Pest Management

Unwanted guests sometimes find their way into our living spaces. Most pest problems can be resolved with some attention and cooperation between the tenant and landlord. The first and most important step in remedying pest infestations is communicating with your landlord and determining the appropriate course of action. 

Extermination Service

According to the City of Philadelphia Housing Code, as described in "Partners for Good Housing" (PDF) responsibility for insects and rodents are as follows:
  • In one-family houses, the tenant or homeowner must keep the house clean and sanitary. It is the occupant's responsibility to have insects, rodents, other pests exterminated.
  • Where there are two or more apartments in a building, the landlord must keep all shared or public areas of the buildings clean and sanitary.
  • The tenant must have any insects, rodents, or other pests exterminated if the tenant's apartment is the only one infested. Otherwise, it is the responsibility of the landlord to have such pests exterminated.
For the tenant, this means:

If you live in a single-family home or a rooming house rented together by a group of students, the tenants are responsible for extermination service unless:
  • the premises were already infested when the tenants moved in, OR
  • there are defects in or damages to the building structure provide easy access to pests and favorable conditions for infestation.
If you live in an apartment building and your apartment is the only one infested, you could be made responsible for the cost of extermination. If two or more apartments are infested, the landlord is responsible for extermination.

Preventing an Infestation

Sometimes, despite our best efforts to keep the premises clean and store food properly, pests may still enter. However, there are some simple measures one can take that may make your home less accessible and less appealing to pests.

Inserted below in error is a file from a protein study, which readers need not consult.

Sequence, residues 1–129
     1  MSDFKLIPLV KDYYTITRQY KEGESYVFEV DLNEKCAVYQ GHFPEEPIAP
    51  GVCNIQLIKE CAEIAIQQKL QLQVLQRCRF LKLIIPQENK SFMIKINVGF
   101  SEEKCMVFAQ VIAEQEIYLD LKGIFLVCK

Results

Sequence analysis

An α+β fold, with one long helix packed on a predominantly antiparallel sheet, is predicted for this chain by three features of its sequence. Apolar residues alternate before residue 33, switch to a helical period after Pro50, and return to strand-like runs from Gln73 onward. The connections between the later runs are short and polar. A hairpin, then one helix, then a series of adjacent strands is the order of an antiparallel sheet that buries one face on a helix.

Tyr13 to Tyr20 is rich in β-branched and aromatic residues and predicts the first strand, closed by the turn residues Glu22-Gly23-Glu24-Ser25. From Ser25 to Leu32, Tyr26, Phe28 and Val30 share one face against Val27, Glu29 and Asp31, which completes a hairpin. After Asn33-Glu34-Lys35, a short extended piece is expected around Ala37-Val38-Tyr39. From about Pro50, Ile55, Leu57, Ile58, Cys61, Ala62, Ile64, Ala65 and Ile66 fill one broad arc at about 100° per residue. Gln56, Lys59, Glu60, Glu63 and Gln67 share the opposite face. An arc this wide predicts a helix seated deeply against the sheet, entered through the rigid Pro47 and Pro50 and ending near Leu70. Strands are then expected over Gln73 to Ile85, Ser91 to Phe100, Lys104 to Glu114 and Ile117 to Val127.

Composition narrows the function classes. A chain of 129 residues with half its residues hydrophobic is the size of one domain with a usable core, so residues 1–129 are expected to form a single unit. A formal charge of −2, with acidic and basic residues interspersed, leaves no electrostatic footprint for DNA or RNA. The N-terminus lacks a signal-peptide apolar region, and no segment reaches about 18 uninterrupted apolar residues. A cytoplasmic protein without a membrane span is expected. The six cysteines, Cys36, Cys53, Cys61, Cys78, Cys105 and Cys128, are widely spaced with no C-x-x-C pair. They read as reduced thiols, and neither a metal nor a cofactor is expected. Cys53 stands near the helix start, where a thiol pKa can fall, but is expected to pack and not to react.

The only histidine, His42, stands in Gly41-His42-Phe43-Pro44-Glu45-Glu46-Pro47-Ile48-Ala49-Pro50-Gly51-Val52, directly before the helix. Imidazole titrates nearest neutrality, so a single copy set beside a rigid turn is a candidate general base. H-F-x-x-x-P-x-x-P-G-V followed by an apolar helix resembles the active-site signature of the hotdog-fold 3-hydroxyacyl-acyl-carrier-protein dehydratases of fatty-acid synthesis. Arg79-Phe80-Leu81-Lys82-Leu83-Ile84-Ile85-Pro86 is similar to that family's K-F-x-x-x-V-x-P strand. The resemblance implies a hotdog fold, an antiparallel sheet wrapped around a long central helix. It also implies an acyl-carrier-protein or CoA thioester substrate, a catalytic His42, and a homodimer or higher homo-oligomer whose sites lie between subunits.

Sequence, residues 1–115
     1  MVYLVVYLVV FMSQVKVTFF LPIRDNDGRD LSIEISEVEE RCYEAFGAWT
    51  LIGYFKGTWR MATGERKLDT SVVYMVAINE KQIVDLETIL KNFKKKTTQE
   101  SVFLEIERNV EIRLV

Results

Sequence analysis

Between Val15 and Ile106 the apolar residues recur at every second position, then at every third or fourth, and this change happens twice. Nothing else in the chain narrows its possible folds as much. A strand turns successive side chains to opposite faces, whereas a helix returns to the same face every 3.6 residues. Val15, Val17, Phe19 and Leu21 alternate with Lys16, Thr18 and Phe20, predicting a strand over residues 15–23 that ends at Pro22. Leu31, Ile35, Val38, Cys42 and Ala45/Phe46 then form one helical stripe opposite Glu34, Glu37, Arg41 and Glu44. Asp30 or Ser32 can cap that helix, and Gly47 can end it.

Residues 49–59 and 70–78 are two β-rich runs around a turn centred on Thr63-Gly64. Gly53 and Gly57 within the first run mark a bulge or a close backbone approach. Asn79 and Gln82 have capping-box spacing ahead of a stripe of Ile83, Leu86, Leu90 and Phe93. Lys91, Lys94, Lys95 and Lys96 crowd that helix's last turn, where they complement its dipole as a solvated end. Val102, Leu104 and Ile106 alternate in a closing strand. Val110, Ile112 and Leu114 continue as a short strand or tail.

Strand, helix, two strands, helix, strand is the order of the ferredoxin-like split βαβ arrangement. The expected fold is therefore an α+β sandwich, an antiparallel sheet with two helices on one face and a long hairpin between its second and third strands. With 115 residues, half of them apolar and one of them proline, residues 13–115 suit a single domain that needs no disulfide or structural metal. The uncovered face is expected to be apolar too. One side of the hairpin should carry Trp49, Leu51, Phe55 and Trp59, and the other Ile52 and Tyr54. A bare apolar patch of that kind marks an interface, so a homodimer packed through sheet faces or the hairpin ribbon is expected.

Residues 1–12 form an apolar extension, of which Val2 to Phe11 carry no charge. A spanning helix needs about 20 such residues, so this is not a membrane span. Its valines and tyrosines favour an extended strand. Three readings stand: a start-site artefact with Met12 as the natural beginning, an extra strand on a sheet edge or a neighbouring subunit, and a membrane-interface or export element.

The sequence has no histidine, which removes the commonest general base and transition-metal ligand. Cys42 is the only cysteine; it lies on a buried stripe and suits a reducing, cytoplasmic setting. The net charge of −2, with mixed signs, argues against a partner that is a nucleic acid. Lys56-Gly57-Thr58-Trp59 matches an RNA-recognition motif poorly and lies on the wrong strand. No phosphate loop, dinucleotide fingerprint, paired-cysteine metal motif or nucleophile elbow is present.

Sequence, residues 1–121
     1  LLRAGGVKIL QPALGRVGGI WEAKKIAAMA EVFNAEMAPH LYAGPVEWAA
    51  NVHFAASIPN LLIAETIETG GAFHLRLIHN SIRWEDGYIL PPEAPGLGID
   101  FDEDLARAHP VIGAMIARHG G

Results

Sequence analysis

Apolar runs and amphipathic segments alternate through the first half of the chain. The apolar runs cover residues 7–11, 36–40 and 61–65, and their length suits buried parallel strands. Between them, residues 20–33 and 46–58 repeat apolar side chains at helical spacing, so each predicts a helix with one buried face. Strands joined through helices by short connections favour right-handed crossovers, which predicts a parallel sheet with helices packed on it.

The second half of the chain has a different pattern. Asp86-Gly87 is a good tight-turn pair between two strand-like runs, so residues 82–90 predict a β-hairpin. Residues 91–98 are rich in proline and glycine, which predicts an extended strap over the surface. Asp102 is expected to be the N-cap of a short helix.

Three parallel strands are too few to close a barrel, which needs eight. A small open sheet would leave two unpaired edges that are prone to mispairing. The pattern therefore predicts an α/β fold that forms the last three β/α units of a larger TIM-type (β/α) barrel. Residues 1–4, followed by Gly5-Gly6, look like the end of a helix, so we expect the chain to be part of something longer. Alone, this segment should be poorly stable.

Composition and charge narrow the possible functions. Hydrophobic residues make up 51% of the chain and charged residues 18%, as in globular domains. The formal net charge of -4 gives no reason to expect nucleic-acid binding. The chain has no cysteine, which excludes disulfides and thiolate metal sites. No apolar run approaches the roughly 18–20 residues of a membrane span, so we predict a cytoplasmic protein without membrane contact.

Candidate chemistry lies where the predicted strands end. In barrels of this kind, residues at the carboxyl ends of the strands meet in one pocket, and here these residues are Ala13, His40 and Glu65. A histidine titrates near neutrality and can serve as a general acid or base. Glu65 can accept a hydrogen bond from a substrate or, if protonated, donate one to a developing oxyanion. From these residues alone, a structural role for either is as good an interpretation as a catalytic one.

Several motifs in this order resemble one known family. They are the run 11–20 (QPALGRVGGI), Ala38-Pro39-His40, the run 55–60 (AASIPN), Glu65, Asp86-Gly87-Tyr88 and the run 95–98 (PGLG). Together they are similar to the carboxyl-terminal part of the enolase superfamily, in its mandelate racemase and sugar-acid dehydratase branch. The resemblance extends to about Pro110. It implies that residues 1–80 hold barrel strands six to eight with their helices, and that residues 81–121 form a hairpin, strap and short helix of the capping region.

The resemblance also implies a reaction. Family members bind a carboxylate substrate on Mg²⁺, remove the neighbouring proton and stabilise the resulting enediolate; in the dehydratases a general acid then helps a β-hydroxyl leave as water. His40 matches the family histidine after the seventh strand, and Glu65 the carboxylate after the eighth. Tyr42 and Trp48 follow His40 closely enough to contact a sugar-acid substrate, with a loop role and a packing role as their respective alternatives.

• When selecting an apartment or house, inspect the entire place, particularly the ground floor and kitchen areas, for holes. Mice may enter through very small holes (even 1/2 inch or underneath a closed door). Check to see that the space around any pipes, such as water or gas pipes, is properly and permanently sealed. If large spaces remain, request that your landlord repair the holes as soon as possible.
  • Store food in airtight, sturdy plastic or metal containers. Keep food only in the kitchen or pantry, and put dry goods (a favorite among mice) on high shelves and seal them well. Some say mice will chew through plastic. If this happens, metal tins can be purchased at many dollar stores.
  • Sweep up crumbs and wipe down counters with soap or a disinfectant after cooking and eating.

Additional Resources

The presence of droppings, chewed or gnawed food packaging, or shredded paper/nesting material may indicate an infestation. If you suspect that you may have an infestation, the Environmental Protection Agency provides extensive information on their website about common household infestations. Residential Services also has compiled fact sheets for bed bugs, mice and cockroaches. A link to the Pest Control page on the Residential Services website has been included in the list below.   

Rodents (Mice and Rats)
Bed Bugs
Guide to Pest Control
Residential Services: Pest Control